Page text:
What does Van Wagoner say or he said 84 of Far West most influential Mormons including Hiram Smith of the first presidency signed the document which reads in part before you read that was mentioned Hiram Smith of the first presidency that is Joseph Smith's brother Hiram Smith. That's who it's talking about now what is it say in this document that is going to threaten these particular dissenters out of the county.
You shall go, and no power shall save you and you shall have three days after you receive this communication to you, including 24 hours in each day for you to depart with your families peaceably, which you may do undisturbed by any person, but in that time.
If you do not depart.
We will use the means in our power to cause you to depart so it sounds like a forced evacuation. There you for three days to get out of Dodge. And if you don't do it.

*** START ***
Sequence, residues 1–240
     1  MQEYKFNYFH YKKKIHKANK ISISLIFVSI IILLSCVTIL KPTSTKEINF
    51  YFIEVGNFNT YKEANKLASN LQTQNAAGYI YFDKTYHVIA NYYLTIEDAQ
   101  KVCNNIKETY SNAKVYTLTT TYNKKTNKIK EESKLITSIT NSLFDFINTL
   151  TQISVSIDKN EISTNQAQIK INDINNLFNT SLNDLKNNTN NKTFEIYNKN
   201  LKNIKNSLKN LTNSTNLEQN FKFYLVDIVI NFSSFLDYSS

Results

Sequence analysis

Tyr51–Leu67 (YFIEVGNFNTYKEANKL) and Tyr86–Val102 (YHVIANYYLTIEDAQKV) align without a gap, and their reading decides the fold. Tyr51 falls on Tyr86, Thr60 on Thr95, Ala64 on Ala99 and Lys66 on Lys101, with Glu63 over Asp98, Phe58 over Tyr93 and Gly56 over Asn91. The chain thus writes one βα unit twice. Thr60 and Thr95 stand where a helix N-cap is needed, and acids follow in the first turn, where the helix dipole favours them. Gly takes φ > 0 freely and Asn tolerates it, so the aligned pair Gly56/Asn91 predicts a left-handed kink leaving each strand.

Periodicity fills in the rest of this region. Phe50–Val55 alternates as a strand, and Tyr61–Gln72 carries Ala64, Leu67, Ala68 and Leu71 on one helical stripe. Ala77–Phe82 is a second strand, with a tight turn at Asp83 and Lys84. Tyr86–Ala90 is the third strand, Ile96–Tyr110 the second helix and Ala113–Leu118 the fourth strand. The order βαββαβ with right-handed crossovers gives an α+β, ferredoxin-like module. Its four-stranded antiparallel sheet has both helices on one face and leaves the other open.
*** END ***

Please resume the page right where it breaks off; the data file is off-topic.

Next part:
Something is going to happen to you now if you were on the receiving end of this thread, Eric. How would you feel I would think I would be taking this pretty seriously this affidavit. This document goes on to say what we have solemnly warned you and that in the most determined manner that if you did not see set course of wanton abuse of the citizens of this county that vengeance would overtake you sooner or later, and that when it did come. It would be as furious as the mountain torrent and as terrible as the beating tempest which you have affected to despise our warnings and pass them off with a sneer or a grin or a threat and pursued your former course inventions sleep. If not, neither does it slumber. And unless you heed us this time and attend to our request. It will overtake you at an hour when you do not expect it and at a day when you do not look for it and for you, there shall be no escape for there is but one decree for you which is depart, depart, or a more fatal calamity shall befall you more fatal calamity shall, before you now again I asked the question if you're on the receiving end of this threat. How do you take that I'm sure they would take this very seriously. It sounds like the church leadership means what it is saying here now, thankfully, folks.